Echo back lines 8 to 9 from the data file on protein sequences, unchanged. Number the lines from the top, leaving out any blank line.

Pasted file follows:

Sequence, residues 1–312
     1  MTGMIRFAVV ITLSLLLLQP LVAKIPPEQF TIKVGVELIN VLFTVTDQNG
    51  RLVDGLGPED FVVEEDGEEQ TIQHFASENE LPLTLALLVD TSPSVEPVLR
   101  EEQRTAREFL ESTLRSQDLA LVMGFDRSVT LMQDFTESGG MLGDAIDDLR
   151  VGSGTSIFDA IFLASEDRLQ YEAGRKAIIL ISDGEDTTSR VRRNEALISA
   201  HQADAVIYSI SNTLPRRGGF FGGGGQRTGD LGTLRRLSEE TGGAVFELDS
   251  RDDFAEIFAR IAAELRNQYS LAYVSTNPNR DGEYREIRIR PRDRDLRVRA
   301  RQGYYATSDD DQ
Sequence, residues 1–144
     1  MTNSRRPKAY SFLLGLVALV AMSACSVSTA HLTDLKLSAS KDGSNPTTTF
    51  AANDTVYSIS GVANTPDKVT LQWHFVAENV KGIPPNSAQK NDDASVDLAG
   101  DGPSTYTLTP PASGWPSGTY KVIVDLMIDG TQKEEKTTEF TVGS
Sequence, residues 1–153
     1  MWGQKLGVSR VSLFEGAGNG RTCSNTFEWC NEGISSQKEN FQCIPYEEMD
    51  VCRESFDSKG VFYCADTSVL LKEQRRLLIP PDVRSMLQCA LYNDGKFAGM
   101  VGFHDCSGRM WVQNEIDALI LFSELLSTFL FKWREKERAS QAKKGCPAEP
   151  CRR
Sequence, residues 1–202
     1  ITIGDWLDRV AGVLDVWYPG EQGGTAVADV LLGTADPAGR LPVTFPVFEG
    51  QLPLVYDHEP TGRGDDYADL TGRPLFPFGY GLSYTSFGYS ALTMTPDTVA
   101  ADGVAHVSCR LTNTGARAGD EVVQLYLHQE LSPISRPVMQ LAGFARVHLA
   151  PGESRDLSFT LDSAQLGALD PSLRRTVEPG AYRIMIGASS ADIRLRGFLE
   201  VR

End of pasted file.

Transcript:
   301  RQGYYATSDD DQ
Sequence, residues 1–144